Leicester City: Why Would Its Players Want To Leave?

Leicester City player Riyad Mahrez.
Riyad Mahrez of Leicester City at The King Power Stadium, Leicester, April 24, 2016. Mahrez is one of a number of Leicester players linked with a move away from the club this summer. Mike Hewitt/Getty

Rumors pick up pace like Fleetwood Mac's heartbreak tumbling weed-style through the Californian desert, especially where Leicester City is involved.

The club is the English Premier League champion—the first "new" champion since Nottingham Forest in 1978. And yet—apparently—still a club more likely to have its players wrenched away than keep them snuggled tightly to its bullion-decorated chest.

The Sun reported on Monday—before the great denouement—that Paris Saint-Germain wants Riyad Mahrez and N'Golo Kante, two of the lynchpins of this most unlikely of league title triumphs, in their different ways.

Mahrez, the nimble creator, and Kante, the indefatigable midfield runner, would rip the soul from Leicester were they to leave. And PSG, with its vast Qatari wealth, has the financial muscles to squeeze the duo out of the east Midlands and to the 16th arrondissement.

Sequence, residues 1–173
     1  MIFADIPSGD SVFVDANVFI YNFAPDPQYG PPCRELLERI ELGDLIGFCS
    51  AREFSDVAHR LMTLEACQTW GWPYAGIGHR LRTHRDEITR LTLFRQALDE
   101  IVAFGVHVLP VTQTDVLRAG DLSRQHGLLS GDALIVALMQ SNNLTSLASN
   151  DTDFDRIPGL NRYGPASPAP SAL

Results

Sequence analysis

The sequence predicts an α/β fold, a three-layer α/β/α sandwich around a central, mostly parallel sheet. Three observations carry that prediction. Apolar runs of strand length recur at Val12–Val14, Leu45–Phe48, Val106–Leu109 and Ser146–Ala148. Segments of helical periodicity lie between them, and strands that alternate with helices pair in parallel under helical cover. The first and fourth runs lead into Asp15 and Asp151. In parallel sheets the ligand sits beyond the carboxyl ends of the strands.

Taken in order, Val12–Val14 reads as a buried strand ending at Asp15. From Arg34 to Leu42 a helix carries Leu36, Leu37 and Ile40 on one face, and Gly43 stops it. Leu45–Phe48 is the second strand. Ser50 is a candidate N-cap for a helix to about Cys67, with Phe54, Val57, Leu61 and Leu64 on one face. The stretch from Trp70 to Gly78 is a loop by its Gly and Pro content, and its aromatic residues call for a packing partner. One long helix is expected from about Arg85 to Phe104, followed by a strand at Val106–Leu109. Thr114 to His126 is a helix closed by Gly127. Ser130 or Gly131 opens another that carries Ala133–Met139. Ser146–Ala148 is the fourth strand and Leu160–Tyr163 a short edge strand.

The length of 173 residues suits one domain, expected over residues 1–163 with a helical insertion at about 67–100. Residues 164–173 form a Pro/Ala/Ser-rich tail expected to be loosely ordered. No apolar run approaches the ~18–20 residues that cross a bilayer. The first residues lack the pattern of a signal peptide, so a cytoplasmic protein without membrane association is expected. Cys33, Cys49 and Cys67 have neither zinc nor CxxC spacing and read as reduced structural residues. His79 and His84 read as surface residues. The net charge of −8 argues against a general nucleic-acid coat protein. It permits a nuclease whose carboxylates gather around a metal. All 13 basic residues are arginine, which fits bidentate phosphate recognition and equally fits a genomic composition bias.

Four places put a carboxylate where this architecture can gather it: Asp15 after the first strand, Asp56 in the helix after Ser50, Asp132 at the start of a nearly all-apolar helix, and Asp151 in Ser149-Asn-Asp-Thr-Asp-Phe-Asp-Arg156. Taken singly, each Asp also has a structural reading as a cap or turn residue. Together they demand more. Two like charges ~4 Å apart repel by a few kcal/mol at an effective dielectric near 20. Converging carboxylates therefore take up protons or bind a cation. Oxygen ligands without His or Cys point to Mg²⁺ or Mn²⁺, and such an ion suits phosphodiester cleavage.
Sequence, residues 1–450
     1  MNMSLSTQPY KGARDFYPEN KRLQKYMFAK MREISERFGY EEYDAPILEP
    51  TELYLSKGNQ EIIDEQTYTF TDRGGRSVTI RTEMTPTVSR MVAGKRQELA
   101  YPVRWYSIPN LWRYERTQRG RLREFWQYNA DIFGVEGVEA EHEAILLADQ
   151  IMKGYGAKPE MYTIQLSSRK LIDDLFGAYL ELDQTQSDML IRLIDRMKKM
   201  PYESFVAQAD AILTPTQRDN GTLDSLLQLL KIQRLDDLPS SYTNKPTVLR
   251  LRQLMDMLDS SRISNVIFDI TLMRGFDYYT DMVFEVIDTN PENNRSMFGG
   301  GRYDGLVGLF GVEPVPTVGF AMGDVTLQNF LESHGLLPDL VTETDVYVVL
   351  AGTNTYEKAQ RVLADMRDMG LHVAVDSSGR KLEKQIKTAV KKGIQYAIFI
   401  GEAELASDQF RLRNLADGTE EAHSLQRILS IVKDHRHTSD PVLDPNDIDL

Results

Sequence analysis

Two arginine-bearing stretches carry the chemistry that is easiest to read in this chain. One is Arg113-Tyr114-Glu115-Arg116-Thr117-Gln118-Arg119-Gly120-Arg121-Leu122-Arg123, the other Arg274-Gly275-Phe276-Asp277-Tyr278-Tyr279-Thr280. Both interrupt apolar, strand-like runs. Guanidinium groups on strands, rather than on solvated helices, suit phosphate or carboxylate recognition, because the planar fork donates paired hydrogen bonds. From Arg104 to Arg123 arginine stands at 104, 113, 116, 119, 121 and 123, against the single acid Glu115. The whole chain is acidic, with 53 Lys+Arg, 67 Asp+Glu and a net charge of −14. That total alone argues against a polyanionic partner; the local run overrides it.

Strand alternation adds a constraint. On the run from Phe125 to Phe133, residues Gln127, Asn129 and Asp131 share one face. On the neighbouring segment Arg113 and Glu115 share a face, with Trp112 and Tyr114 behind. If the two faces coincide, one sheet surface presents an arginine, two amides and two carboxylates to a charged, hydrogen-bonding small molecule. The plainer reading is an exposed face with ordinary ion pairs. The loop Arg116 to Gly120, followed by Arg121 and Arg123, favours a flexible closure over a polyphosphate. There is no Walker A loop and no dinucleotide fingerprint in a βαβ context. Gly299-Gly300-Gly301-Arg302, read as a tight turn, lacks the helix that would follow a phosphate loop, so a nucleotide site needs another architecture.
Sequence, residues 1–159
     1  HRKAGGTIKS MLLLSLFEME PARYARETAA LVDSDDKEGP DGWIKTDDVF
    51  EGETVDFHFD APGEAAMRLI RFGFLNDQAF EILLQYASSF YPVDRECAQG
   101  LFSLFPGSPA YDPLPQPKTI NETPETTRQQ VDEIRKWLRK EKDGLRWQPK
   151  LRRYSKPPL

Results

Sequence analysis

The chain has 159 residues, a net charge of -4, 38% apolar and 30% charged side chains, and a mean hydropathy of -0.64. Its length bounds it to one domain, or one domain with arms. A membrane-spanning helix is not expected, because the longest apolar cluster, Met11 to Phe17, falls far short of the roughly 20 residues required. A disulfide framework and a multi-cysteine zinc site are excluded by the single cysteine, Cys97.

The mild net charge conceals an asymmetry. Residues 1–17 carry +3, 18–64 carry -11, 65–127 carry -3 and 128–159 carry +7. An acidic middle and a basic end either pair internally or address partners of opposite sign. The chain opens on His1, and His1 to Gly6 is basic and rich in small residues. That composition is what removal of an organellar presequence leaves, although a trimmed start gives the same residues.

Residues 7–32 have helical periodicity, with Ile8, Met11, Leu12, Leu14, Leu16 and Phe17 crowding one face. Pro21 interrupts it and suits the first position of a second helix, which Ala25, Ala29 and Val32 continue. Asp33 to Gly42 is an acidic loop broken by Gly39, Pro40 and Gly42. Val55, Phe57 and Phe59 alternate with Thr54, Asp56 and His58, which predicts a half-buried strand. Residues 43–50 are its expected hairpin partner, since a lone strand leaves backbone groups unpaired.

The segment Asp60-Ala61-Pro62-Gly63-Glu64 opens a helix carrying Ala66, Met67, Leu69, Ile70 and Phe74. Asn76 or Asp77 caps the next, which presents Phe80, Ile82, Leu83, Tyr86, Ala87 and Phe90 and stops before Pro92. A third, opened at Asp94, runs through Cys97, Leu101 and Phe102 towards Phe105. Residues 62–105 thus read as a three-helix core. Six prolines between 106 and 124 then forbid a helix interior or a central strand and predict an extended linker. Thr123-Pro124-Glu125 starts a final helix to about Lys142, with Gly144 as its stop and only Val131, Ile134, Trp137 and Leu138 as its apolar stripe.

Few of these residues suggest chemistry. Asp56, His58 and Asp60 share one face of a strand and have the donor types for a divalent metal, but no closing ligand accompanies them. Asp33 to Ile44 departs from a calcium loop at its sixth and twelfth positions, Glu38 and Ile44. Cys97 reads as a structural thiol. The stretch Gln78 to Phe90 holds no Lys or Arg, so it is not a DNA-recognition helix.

But—and this is surely the key question—why would any Leicester player want to leave?

Had the club merely overachieved, finishing fifth in the Premier League and qualifying for the UEFA Europa League next season, then admiring glances from bigger clubs would be not just understandable but worrying, too.

But what did Claudio Ranieri say last week, his silliness betraying the joy of his club's situation? "Dilly ding, dilly dong; we are in the Champions League."

That puts Leicester, if never on the same financial level as PSG, then in to win the same competition.

There is a degree of facetiousness here. PSG will compete at the sharp end of the Champions League next season; Leicester, bar even more extreme zaniness, will not.

Yet, when played off as a choice between the champion of England and the champion of France, the choice seems cloudier, even when you consider that Mahrez is an Algerian and a French speaker and Kante is from Paris itself—so this would be a homecoming of sorts for both.

Transfer rumors will swirl around the King Power Stadium this summer, you can be sure of that—indeed they have already started to blow.

But the crux of the matter is this. Bizarrely, by hook and by crook through 38 games, Leicester has placed itself in a position among Europe's elite. It can now, through a new bumper Premier League television deal, offer both riches and the highest standard of European football.

Take the rumors with several pinches of table salt. After all, what reason is there to leave Leicester?